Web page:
# Regularize the Model

Learn about regularization techniques, L1 and L2.

## L1 and L2 regularization

**L1** and **L2** are two of the most common methods to regularize a decision boundary. It is *the technical name for the operation that we informally called smoothing out*. L1 and L2 work similarly, and they have mostly similar effects. Once we get into advanced ML territory, we may want to look deeper into their relative merits — but for our purposes in this course, we follow a simple rule

*either pick randomly between L1 and L2 or try both and see which one works better*.

Let’s see how L1 and L2 work.

### How L1 and L2 work

L1 and L2 rely on the same idea. ** They add a regularization term to the neural network’s loss**. For example, here’s the loss augmented by L1 regularization:

$\large{ L_{\text{regularized}}=L_{\text{non-regularized}}+\lambda \sum{|w|}}$

In the case of our neural network, the non-regularized loss is the **cross-entropy loss**. To that original loss, L1 adds the sum of the absolute values of all the weights in the network, multiplied by a constant called **lambda** (or $\lambda$ in symbols).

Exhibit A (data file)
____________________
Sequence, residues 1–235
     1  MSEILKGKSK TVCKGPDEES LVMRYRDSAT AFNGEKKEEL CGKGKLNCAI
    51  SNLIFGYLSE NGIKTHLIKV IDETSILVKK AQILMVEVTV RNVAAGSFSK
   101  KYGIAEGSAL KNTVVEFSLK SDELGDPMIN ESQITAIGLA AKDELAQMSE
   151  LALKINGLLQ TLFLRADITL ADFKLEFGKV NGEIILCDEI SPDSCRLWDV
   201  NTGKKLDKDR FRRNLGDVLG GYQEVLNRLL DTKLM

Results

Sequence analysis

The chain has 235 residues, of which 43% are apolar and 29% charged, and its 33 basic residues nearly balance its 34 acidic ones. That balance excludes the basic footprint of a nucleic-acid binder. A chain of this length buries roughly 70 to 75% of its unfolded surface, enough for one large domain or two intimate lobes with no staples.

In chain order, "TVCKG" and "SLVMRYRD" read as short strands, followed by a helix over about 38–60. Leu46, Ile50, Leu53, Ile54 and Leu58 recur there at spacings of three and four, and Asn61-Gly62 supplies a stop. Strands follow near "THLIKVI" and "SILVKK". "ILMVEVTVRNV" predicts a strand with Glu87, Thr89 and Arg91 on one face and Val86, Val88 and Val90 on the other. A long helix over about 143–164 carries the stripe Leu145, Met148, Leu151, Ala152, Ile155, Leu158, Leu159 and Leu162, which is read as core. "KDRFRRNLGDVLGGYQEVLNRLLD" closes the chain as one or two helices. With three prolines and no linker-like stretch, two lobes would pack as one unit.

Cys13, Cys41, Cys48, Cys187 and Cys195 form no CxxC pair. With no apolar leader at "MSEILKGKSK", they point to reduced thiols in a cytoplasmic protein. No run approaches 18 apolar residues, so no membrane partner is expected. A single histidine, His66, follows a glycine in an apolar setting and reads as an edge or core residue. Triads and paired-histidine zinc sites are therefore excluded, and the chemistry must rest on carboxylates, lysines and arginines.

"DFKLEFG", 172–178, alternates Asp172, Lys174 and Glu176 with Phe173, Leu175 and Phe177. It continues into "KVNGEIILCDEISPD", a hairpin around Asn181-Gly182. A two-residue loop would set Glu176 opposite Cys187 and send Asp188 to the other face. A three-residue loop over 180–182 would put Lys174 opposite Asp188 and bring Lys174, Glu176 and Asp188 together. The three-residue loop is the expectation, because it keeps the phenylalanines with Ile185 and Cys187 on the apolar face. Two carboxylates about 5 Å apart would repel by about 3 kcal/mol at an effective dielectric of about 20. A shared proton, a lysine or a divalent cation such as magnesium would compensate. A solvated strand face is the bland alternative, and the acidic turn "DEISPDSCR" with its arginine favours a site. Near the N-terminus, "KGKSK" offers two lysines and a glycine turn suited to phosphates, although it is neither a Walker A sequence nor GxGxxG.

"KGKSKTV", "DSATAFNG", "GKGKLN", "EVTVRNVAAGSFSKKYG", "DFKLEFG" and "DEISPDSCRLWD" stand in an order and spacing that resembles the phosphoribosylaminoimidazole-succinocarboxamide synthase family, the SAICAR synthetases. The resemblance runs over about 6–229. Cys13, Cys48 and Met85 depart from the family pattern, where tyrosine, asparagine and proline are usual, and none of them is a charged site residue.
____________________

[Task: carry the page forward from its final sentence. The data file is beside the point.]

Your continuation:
Lambda is a new hyperparameter that we can use to tune the amount of regularization in the network. The higher the value of lambda, the higher the impact of the regularization term. If lambda is 0, the entire regularization term becomes 0, and we fall back to a non-regularized neural network.

To understand what the regularization term does to the network, remember that the entire point of training is to minimize the loss. Now that we have added that term, the absolute value of the weights has become part of the loss. That means that the gradient descent algorithm will automatically try to keep the weights small so that the loss can also stay small.

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